Computer Programmer job listings are down over 30% from 2009*

Since 2009 the number of job postings relating to computer programmer jobs has declined by over 30%. This decline is an indication that today's developers need to possess a well rounded set of skills with respect to programming. Simply knowing one specific technology is quickly becoming less desirable and may leave you in a position where you will struggle to find a good job. The key to staying ahead of the curve here is to constantly be educating yourself on all of the skills that are in demand. Currently, demand is tipping in the direction of programmers who can create enterprise web applications or mobile applications. To accomplish these feats, simply knowing just one programming language or skill won't cut it in today's job market. To find out ways of improving your skill set, keep reading…

Market Influence Shows Declining Trend in Computer Science Graduates**

Since the dot com bubble burst, the number of students enrolling in post secondary education with a major in computer science has fallen approximately 33% between 2002 and 2010. This indicates that the desirability of the computer science degree is starting to shrink. This indicates that there is no longer as the abundant job supply as there once was in the early 2000s. Anyone applying to such jobs will need to have a more impressive array of skills to land the job. This is evident when you look at the overall number of students who decide to upgrade there education from the standard bachelors degree. The number of students who are graduating with a PhD in the fields of Computer Science and Computer Engineering in Canada and the US are up over 200%!

People searching for jobs in information technology are up 10%*

While overall job availability is dipping, the overall interest in attaining jobs in the field of information technology is rising. With competition up and jobs availability dipping, this trend is a bit troubling to any programmer who is not constantly educating themselves in the field of computer science. As mentioned before, the ideal candidates these days have an array of skills that range from abilities on the front, middle and back end of applications. A programmer with the ability to put together a GUI, who can also implement the business logic and propose a solid database schema is much more likely than the cookie cutter programmer who only learned how to create business logic. Also, the companies that offer their employees fantastic working environments and salaries have come to expect this array of well rounded skills in their employees.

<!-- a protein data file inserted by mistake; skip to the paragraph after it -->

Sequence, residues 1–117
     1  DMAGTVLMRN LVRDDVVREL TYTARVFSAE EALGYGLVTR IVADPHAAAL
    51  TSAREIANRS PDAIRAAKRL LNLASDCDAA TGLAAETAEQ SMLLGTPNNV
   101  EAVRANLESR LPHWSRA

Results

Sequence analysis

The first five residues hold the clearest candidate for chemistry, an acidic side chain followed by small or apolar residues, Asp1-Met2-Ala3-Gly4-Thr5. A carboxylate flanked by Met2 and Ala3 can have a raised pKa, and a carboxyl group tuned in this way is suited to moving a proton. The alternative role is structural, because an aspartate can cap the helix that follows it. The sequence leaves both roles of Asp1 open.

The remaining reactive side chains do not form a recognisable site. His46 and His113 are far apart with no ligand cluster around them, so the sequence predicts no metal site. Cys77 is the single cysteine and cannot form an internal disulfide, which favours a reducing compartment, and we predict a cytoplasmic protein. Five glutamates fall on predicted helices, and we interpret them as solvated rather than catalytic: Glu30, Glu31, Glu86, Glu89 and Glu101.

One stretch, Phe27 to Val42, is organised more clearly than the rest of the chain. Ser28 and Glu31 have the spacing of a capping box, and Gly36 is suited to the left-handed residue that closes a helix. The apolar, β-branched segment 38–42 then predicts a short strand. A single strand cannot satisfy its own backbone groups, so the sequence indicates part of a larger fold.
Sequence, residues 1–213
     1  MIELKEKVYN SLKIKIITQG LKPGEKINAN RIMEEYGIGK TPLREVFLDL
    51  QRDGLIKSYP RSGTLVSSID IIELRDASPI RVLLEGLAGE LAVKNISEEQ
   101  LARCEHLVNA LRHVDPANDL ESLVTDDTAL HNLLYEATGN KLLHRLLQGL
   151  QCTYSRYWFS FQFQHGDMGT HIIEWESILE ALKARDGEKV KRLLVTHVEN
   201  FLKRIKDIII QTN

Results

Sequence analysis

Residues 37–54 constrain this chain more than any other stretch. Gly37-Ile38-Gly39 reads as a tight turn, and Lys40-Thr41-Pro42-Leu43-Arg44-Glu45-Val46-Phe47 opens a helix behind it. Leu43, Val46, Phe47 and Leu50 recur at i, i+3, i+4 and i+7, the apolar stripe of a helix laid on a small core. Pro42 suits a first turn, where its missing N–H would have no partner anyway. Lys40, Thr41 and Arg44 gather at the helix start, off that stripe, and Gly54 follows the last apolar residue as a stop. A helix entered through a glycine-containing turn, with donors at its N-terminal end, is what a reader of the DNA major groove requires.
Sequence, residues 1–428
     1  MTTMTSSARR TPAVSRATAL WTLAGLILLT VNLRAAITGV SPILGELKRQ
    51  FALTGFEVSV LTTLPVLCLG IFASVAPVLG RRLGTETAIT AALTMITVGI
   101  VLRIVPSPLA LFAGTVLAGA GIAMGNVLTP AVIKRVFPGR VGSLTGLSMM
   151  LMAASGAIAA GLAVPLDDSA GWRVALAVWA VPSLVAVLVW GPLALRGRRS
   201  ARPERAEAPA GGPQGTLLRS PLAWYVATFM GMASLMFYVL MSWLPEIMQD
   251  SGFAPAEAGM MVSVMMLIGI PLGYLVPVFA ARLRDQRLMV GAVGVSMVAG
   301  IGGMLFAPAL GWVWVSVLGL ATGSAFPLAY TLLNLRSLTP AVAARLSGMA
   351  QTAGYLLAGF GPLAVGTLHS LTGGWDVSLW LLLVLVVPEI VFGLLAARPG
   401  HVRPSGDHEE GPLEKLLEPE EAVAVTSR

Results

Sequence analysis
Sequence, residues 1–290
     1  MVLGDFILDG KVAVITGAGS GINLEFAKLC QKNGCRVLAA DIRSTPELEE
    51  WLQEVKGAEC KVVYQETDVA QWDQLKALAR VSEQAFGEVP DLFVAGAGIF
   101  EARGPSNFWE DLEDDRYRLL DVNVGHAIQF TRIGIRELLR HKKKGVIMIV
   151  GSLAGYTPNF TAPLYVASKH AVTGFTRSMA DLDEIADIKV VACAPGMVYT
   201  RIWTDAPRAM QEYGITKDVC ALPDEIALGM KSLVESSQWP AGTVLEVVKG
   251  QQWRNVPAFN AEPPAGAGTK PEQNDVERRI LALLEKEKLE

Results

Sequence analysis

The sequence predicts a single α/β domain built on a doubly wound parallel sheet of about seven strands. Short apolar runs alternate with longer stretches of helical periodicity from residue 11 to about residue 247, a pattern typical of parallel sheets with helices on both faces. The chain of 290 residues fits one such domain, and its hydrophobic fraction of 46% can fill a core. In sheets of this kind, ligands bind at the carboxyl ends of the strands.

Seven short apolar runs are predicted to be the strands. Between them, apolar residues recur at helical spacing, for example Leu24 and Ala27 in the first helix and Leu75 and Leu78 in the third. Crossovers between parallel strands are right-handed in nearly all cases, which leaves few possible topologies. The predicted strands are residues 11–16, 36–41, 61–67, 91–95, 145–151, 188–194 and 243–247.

BUT WAIT! There's Light at end of tunnel

To show you that this isn't all just bad news, the number of companies hiring prospects who have skills in web development is up about 75% since Jan. 2006! Here's an example of the ideal web developer:

  • Server Side language ie. Java
  • Experience with MVC frameworks like Spring/Struts
  • JSP
  • Servlets
  • Javascript/CSS
  • Strong grasp of W3C HTML Standards
  • Strong understanding of Enterprise Design patterns
  • Demonstrated, hands-on experience with relational databases
  • Experience with Web servers like Tomcat

With these skills, you would be a strong contender for ANY job in the field of computer science. So the question is, how do you learn all of these things? The traditional route is a college or university, but that takes years and tens of thousands of dollars. Another approach is books, but for most, it's tough to keep yourself fully dedicated to a book (unless it's well written and not 300+ pages in length).

In this day in age, the most successful way to learn is through Videos

eLearning is in and it's hot! The ability to learn at your own pace and follow along with a teacher (without getting in trouble for texting at the same time) is a game changer. Once such eLearning website is called Java Video Tutorials, and it goes hand-in-hand with this blog. If you enjoy the way I teach here, then I believe you'll really enjoy Java Video Tutorials. I've taken my knowledge as a programmer and skills as a teacher and designed a video tutorial series that takes you through the steps to become a full-blown web developer.


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